17 April 2011
22057 ḵing gan
The Yindjibarndi Aboriginal Corporation (YAC) is the development arm and trustee of lands of the Yindjibarndi nation in the Pilbara region of Western Australia
Juluwarlu Group Aboriginal Corporation (JGAC) is the cultural recording, archiving and media production organization of the Yindjibarndi People. http://www.juluwarlu.com.au/archive
We are united in celebrating our culture, supporting our people, and fighting for respect and justice amidst the relentless incursion of iron ore mining into our lands - especially, in these times, the aggressive, divide and conquer assault of Fortescue Metals Group (FMG).
(Yindjibarndi people are from the Fortescue River valley and Hamersley Ranges region of the Pilbara, WesternAustralia.) Ceremony, kinship and Tribal Law are the heart and soul of our life – they connect us to the beginning of the world. In our Law it is said that in the beginning the sky was very low. When the creation spirits got up from the ground, they lifted the sky and the world out of the sea. The creation spirits are called Marrga. They still live in the rocky mountains and gullies. In the early morning the mist over the water is smoke from their breakfast fires. If Marrga are not approached and spoken to in the proper way, they might hurt visitors or make them sick. It was the Marrga and Minkala (Skygod) that named and shaped the country, then all the birds and animals, and finally the Ngardangali (Aboriginal people) came from the Marrga themselves. In other places they call this the ‘dreaming’, but here we call it Ngurra Nyujunggamu – ‘when the world was soft’.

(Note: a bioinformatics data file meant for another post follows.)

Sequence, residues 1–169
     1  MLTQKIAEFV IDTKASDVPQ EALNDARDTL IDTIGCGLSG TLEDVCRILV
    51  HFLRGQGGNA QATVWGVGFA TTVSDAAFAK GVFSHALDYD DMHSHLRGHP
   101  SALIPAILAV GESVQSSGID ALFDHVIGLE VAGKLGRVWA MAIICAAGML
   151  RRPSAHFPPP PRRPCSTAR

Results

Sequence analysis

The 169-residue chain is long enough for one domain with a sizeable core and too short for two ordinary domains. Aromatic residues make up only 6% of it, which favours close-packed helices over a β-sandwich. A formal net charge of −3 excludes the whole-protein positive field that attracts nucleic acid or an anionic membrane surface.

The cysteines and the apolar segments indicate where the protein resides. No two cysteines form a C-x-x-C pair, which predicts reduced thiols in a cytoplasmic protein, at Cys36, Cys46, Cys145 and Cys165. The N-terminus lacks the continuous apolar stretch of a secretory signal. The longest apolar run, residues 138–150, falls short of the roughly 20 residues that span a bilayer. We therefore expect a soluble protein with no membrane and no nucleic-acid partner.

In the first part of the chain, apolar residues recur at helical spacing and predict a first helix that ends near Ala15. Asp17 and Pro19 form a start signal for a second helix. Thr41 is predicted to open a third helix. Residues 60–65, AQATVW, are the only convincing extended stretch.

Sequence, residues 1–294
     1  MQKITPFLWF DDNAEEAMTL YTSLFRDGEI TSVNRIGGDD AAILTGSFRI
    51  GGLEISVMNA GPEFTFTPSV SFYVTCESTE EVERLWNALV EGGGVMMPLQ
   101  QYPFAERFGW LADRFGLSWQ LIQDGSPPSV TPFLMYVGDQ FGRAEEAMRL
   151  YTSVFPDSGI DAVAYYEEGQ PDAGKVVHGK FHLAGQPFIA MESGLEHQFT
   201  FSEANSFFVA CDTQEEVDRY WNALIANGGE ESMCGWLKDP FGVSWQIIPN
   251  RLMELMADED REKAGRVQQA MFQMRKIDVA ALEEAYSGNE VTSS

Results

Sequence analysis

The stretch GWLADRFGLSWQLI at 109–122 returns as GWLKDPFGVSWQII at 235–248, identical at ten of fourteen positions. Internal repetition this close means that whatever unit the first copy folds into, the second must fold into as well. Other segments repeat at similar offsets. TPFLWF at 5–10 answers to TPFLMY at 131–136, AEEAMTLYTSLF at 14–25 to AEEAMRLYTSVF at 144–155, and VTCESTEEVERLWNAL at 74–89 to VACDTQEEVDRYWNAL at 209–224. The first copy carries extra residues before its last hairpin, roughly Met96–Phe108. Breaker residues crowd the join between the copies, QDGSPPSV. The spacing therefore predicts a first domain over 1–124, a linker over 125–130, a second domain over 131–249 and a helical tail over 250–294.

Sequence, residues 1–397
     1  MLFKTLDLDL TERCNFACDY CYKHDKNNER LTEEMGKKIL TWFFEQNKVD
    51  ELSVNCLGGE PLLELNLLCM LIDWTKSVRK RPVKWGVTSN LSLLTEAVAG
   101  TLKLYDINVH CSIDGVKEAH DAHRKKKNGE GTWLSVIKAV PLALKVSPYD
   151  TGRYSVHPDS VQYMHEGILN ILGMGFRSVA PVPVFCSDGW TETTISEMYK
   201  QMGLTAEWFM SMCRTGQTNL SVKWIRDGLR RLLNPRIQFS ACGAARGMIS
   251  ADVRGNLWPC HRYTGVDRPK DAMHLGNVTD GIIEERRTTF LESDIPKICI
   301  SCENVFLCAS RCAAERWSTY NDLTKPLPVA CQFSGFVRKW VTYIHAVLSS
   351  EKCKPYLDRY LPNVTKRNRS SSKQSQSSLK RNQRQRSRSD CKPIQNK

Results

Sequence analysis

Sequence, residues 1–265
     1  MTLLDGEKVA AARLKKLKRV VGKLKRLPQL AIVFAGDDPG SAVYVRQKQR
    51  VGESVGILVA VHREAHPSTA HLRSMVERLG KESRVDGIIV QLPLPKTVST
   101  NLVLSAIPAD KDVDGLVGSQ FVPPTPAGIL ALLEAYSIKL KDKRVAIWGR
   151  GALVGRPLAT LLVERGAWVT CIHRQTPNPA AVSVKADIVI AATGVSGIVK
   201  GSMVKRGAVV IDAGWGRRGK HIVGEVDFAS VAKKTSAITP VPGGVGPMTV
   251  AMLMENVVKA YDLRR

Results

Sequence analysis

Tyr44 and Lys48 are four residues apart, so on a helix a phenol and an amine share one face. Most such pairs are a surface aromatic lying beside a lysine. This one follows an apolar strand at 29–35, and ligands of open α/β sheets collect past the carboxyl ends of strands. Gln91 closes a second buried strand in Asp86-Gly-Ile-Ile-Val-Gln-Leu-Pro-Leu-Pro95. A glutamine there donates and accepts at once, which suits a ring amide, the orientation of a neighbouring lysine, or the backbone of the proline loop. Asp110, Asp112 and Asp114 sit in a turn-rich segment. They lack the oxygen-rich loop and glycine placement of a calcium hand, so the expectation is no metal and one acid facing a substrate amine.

There are places all along the river that show the Marrga’s work. At Ganyiyana (on a part of the river called Birlinbirlin) there is a circular track that was worn into the soft world by the Marrga women as they danced around the men who sang the very first Law ceremony. Later the world became hard, leaving the path of their dance in the river bedrock for all time. We call our Law Birdarra, and this song and dance ring the Burndud – the very first Law ground.
After creation, this law was carried to many tribes in the north and east, where it was given new names and new life in the languages of all the nations where it found a home. Tribes all over the North-west still pay respect to our holy land whose Law travelled thousands of miles across the desert to reach as far as Uluru in the Northern Territory.
Yindjibarndi are like the river
that runs through our Ngurra
very old and very strong
holding powerful law
that forever brings new life
to Yindjibarndi country
Yindjibarndi will survive
because our hearts and conscience
are straight with our country
Ts’ahlgid:aboriginal rights, Land Rights, Pilbara, Roebourne, Yindjibarndi